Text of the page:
• The other part of the problem (or what Phil Plait got wrong)

    Commenting on the Atheist Ireland decision to dissociate from PZ Myers, Damion aimed at what he thinks is the larger problem within the evidence-based community:

    The problem is this: It is easier, faster, and far more emotionally satisfying to discredit someone by attacking their character than by civilly dissecting their arguments.

    Or, ironically summed up by Phil Plait, don’t be a dick.

    I’ve always found this piece of advice a little bit naïf for my taste, for it falls short. Yes, most of the times you needn’t be a dick: when people disagree with you or when they’re incautiously wrong, you can point out why they might find useful a different perspective or considering your point of view. So far, so good.

    But it turns out not everyone out there promoting nonsense is an ingenuous person. There are con artists who profit off the ignorance of others, there are bigots out there who enjoy people being discriminated against due to biological traits, and these people couldn’t care less about getting their facts straight. Ideology comes first, second and third in their priorities.

    I claim it is our moral duty to expose this charlatans and attack their character because they’re not making a mistake out of ignorance, unawareness or lack of time; they’re hurting people with their agendas and they won’t entertain the thought of being wrong, let alone consider all the damage they’re doing.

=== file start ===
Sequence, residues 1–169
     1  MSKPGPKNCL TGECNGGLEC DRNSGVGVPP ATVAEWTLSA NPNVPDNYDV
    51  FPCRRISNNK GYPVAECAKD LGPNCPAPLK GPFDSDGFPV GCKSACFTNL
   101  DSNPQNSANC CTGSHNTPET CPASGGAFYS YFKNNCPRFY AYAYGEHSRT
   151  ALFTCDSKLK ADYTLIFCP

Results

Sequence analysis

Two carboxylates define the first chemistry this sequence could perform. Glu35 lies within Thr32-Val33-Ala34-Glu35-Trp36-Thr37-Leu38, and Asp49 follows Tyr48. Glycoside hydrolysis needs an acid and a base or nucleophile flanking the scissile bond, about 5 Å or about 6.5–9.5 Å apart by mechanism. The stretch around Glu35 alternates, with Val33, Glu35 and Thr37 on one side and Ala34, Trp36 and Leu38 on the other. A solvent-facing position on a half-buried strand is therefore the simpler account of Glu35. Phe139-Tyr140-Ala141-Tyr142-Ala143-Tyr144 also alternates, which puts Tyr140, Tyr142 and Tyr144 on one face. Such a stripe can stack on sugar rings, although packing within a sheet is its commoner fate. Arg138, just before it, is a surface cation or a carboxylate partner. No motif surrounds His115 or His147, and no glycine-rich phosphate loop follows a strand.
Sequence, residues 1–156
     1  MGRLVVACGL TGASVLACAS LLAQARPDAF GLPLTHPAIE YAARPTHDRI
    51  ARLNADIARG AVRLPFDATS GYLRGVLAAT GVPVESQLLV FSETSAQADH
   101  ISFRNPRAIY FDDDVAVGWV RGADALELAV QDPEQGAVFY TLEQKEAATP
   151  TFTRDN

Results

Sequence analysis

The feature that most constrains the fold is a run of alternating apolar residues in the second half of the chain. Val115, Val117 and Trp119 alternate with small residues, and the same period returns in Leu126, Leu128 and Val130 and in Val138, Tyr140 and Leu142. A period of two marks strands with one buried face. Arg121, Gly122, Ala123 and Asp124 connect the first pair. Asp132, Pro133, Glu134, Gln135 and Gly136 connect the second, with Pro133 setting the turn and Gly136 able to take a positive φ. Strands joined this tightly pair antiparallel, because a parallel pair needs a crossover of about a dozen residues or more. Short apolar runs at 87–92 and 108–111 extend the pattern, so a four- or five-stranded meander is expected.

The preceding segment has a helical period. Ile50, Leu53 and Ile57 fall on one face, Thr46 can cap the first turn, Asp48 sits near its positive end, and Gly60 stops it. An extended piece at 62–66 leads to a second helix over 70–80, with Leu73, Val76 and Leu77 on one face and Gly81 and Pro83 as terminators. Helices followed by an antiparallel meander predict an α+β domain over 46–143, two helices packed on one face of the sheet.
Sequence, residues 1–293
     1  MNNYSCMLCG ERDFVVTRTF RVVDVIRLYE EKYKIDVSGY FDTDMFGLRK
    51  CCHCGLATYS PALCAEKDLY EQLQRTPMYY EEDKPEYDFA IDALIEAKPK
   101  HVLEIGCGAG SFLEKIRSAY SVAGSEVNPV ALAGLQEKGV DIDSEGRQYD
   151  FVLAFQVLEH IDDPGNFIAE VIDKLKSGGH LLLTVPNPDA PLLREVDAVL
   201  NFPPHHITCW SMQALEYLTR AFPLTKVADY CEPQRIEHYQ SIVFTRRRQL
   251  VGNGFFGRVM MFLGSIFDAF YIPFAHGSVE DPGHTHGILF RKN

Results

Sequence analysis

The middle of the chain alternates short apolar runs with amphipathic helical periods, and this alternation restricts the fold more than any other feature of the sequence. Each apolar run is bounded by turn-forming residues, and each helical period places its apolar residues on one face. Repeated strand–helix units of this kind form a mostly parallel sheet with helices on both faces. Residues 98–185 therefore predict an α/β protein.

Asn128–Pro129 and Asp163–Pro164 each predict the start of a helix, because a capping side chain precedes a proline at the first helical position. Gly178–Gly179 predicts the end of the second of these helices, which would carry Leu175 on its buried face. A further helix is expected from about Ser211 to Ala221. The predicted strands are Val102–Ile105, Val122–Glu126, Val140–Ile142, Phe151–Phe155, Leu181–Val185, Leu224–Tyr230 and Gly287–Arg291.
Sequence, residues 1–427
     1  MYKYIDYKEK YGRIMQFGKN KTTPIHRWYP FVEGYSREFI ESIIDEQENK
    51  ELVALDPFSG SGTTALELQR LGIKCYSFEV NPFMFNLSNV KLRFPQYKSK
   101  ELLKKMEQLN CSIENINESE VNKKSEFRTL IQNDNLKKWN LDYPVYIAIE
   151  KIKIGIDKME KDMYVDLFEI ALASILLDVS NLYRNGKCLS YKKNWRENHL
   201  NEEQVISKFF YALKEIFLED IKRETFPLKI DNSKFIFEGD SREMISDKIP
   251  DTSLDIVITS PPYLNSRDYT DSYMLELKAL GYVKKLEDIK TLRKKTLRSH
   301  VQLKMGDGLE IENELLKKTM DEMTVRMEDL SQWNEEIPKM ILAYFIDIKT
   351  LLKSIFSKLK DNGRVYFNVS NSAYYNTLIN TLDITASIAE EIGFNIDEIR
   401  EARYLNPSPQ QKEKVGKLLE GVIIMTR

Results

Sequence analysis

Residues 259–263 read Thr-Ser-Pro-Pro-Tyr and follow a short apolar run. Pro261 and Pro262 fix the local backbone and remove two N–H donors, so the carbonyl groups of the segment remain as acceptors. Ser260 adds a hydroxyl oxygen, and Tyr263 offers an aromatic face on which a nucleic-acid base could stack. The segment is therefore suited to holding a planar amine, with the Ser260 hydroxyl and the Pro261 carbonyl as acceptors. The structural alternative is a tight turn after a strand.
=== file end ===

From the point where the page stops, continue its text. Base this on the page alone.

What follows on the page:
Think of Deepak Chopra, pope Francis (any Pope, actually) or David Icke — the reason they’re peddling nonsense all day long is because they’re ideologically driven to do so. We shouldn’t stop at proving them wrong, we ought to question their motives and connect the dots. That’s more in the iconoclast tradition of Christopher Hitchens, Penn Jillette and James Randi.

    Yes, being kind to people when they’re honest is a good rule of thumb; but failing to call out the motives and agendas of ideologically motivated people who seek converts by means of ridiculing freedom, science, intelligence, knowledge, and those who defend them is doing our cause a great disservice.

    After quoting Salman Rushdie, Damion insisted: “Ideas may be (and sometimes must be) flensed ruthlessly, but individuals must be treated with dignity“. I retort: individuals must be treated with dignity as long as they have any left. Someone who scams people, someone who takes advantage of someone else’s trust, someone who lies their way through life have no right to claim to be treated with the dignity reserved for honest people — if there is anyone even remotely dishonest in this respect within the secular community (and I’m positively sure there are some), they shouldn’t be given free passes or treated with any less contempt than Uri Geller.

    I could go even further: they’re tainting our community, perverting it, and turning it upside-down. Ours is a community that advances an evidence-based worldview, which takes science and Human Rights seriously and finds it disheartening when public policy is based on fairy tales or people are discriminated against because of some gratuitous assertion. If you have any appreciation for evertyhing it took us to get where we are, your contempt of these people should be, justifiably, even stronger than that of the run-of-the-mill charlatan.

    I think we would be right to dissociate from people doing this kind of stuff in the name of our cause: misrepresenting the secular community by engaging in dishonest behaviors should be reason enough to distance ourselves from them, not just their fallacies.